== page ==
I recently traveled overseas and, with a combination of flying status on a particular airline and a bit of luck, I was able to upgrade from economy to business class.
I experienced a nice airy cabin, comfortable seat and attentive flight attendants; one of the flight attendants introduced herself to me and gave me a menu. I mentioned that I had reserved a vegetarian meal and, after some checking, she explained that the “IT systems” erase special meal preferences when a passenger is upgraded. “You should have called at least 24 hours prior to make sure your special meal would be available in business class,” she said. It was a long flight but, with enough peanuts and pretzels I managed. What kept my focus off food was data modeling, and I sketched the following two data models during this flight. One is the current flawed data model, which allows for special meals to be wiped out or replaced, and the other is the ideal data model that they should eventually adopt.
For this challenge, I asked the Design Challenger group which of the models is the “as is” flawed model and which is the “to be” ideal model. If you think neither one of these would keep the special meal preferences on an upgrade, explain why.See related Model A image here.See related Model B image here.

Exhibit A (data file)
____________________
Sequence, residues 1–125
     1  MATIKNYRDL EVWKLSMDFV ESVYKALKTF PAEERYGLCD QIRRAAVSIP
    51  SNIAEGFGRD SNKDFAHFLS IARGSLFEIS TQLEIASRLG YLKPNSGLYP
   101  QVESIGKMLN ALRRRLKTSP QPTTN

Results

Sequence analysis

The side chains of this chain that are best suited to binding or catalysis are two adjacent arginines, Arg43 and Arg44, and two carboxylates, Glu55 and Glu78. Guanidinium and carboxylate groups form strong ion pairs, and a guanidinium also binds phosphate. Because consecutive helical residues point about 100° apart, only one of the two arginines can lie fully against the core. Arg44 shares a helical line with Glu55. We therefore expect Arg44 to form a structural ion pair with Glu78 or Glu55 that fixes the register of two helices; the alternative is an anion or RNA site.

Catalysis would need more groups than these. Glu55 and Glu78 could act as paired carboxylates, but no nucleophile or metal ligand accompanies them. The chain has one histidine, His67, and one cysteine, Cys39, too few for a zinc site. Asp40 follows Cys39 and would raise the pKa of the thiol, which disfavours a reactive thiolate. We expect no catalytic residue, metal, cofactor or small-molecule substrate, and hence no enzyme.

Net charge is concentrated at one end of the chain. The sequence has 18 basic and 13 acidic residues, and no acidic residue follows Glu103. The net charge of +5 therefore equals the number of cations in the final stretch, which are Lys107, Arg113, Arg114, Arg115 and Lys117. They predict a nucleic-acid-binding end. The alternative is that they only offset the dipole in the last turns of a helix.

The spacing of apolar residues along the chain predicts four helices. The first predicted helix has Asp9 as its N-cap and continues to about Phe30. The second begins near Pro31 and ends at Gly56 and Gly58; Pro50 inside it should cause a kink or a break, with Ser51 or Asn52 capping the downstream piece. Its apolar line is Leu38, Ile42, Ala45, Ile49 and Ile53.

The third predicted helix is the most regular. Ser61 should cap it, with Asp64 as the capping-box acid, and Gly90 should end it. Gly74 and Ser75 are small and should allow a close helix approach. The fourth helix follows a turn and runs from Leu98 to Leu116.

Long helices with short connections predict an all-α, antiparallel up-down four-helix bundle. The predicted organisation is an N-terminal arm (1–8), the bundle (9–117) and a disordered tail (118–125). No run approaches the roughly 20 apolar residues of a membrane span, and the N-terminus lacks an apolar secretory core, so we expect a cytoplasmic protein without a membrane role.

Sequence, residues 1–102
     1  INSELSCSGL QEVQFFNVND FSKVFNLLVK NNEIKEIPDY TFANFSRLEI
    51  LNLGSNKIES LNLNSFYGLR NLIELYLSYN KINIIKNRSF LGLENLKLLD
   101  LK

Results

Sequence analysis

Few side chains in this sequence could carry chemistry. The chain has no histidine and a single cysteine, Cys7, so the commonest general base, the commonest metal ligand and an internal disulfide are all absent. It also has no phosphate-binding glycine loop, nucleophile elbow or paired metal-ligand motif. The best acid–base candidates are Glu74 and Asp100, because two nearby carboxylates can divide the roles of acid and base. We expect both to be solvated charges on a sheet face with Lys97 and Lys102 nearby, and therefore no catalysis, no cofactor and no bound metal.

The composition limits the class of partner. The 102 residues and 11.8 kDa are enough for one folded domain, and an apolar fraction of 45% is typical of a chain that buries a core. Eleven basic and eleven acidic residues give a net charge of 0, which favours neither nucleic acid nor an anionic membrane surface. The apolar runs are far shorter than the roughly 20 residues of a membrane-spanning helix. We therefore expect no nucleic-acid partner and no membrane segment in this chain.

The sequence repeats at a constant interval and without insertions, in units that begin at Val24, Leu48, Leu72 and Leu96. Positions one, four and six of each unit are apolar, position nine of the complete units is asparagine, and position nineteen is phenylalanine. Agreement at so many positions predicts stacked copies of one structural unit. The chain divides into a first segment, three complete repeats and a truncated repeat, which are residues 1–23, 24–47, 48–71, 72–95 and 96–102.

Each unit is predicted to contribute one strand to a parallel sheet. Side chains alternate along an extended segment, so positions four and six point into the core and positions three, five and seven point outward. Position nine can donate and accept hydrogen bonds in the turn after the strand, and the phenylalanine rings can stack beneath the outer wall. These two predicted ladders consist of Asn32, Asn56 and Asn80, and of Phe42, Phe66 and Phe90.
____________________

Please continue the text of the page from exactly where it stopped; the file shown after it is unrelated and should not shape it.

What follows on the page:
Model B has Special Meal Code in both the original reservation and revised reservation. Therefore, if someone is upgraded that requested a vegetarian meal, this special meal code must be copied to the revised reservation. However, in Model A, Special Meal Code appears just once in the Original Reservation; therefore, when the reservation is revised, this special meal code can be derived. Although the coding behind these models can make both work (or not work), it is easier and less error-prone to retrieve a single data element, than to populate and retrieve this same data element from two different places. The Design Challengers chose Model A and recommended some improvements we could make to this model.
Reasons Why Model A is Preferred
Suggestions on Improving Model A
We can make either model work, yet by minimizing redundancy, we reduce the chances of having a data quality issue or a business rule misinterpreted. The suggestions of distinguishing a reservation from changes to that reservation is something we can play with and see if this makes an even better model. Maybe instead of a Model A, we have a Model A+. Until the next challenge! To receive Steve's monthly Design Challenges, visit his website at stevehoberman.com. Steve can be reached at firstname.lastname@example.org.
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